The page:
The Scientist: Dr. Dendy Engelman, a board certified dermatologic surgeon and associate at Manhattan Dermatology and Cosmetic Surgery

The Answer: We all know Botulinum toxin A (Botox) is a popular injectible treatment for fine lines and wrinkles. Lesser-known is how Botox is FDA-approved to combat excessive sweating, called hyperhidrosis, of the underarms. It works by preventing the release of acetylcholine, a chemical that signals the sweat glands to activate. It’s an affective treatment that can either decrease or completely stop sweating (in the specific injection site) for anywhere from six months to a year.

Botox injections to the armpit are extremely safe when performed by a licensed and trained professional, but like any injection, it does come with a small risk of discomfort, swelling and bleeding. Botox is also used off-label — meaning it’s not included on the label as an FDA-approved use, and therefore probably not covered by health insurance — to treat excessive sweating of the hands and feet. I(t works the same way in these places as it does on the armpits.)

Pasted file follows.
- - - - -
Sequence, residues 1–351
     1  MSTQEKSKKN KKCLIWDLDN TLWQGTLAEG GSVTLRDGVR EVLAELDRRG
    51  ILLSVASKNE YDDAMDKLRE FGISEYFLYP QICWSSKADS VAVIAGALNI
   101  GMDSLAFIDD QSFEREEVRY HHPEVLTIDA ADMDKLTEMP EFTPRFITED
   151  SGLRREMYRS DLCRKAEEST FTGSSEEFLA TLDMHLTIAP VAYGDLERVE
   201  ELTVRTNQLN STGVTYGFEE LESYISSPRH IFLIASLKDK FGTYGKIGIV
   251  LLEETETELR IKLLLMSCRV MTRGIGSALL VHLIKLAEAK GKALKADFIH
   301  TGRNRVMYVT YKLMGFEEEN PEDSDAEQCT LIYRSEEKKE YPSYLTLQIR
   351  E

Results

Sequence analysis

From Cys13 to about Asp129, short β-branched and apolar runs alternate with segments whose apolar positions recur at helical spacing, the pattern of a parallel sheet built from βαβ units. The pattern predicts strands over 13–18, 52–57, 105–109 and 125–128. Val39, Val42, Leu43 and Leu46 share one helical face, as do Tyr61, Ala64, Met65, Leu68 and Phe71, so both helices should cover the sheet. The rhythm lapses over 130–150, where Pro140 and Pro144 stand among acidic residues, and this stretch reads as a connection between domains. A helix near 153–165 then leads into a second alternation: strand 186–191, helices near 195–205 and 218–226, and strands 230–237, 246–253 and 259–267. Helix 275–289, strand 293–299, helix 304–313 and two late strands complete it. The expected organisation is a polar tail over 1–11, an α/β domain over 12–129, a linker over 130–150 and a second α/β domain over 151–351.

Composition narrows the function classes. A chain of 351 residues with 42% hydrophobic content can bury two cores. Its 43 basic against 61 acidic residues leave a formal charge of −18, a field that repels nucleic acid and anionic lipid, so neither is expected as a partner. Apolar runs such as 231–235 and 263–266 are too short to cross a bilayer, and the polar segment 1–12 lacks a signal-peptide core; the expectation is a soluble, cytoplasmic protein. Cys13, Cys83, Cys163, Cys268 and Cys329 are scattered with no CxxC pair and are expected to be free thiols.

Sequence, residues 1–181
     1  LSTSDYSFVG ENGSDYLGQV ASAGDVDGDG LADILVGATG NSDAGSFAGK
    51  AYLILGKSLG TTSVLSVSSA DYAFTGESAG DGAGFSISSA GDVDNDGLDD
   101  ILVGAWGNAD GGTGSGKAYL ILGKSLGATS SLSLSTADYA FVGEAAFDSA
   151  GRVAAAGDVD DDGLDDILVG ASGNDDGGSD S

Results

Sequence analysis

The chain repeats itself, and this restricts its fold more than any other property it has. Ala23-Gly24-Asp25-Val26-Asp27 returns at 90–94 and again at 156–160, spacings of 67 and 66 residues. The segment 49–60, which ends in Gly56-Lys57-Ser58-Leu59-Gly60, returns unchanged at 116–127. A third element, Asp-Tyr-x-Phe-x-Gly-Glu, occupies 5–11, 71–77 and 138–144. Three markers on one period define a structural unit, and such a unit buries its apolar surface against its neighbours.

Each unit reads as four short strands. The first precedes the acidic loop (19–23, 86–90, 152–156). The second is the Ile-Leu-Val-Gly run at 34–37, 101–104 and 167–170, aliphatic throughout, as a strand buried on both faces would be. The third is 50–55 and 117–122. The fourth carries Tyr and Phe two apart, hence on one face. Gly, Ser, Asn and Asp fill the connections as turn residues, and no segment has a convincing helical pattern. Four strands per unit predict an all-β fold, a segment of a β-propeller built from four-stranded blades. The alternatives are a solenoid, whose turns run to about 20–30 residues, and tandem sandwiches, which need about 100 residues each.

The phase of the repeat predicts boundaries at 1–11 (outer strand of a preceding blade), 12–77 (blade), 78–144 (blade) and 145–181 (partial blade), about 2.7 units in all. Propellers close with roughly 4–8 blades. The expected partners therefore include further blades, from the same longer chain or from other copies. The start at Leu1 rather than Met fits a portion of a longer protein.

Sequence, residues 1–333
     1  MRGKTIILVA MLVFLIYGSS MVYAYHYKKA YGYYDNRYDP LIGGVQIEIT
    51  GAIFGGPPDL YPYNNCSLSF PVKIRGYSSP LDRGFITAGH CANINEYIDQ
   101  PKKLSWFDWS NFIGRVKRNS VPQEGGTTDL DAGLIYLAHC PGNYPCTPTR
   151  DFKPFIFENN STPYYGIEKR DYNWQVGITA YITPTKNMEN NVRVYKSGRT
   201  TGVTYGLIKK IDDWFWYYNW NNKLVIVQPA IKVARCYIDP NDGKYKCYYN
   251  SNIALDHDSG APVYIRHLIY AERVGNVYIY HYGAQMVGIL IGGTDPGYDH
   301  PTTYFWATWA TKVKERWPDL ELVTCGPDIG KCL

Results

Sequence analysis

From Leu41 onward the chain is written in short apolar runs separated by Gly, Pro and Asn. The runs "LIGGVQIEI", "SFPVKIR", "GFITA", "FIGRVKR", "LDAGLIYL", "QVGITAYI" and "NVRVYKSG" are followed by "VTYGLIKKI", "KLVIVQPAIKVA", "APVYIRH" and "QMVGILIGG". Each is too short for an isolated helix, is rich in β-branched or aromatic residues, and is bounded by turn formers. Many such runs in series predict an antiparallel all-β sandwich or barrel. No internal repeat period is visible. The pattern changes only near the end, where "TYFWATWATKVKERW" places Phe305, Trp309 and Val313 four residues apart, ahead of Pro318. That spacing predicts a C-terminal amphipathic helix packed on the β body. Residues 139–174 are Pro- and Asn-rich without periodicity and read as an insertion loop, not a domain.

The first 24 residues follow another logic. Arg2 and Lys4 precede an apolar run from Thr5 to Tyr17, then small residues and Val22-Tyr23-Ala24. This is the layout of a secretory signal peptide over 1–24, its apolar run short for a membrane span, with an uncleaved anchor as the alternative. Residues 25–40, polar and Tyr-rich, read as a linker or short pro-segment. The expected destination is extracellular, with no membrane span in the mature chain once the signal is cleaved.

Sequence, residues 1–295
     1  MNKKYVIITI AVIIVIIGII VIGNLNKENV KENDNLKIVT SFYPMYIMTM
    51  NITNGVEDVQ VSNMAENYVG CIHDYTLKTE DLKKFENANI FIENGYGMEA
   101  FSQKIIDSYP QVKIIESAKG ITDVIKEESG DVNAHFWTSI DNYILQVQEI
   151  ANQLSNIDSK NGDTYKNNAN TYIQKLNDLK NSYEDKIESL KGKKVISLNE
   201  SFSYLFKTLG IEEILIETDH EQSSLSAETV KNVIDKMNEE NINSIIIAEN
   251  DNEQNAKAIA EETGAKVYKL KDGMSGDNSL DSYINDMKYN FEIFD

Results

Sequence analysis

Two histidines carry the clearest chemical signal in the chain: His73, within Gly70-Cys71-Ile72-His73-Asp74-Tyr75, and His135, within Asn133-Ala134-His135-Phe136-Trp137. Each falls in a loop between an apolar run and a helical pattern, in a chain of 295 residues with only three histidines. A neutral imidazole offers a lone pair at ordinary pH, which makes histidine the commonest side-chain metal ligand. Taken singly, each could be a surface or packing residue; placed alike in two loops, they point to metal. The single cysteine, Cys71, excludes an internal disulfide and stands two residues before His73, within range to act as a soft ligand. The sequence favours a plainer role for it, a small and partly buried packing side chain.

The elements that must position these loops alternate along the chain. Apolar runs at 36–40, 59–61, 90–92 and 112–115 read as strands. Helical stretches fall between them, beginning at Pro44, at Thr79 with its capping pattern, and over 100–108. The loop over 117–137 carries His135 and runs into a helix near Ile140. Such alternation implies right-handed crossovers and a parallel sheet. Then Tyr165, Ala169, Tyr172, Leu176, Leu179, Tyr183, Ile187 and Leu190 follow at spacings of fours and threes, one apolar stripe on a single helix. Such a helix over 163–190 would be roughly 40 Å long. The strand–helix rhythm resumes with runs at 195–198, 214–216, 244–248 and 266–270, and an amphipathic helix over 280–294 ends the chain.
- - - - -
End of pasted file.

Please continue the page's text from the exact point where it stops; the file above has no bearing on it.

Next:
If you feel like you may have hyperhidrosis, talk to your doctor. If you are diagnosed with hyperhidrosis, Botox is just one of the treatment options available. It can be pricey, but more insurance providers are covering it now that it’s FDA-approved to treat this condition.

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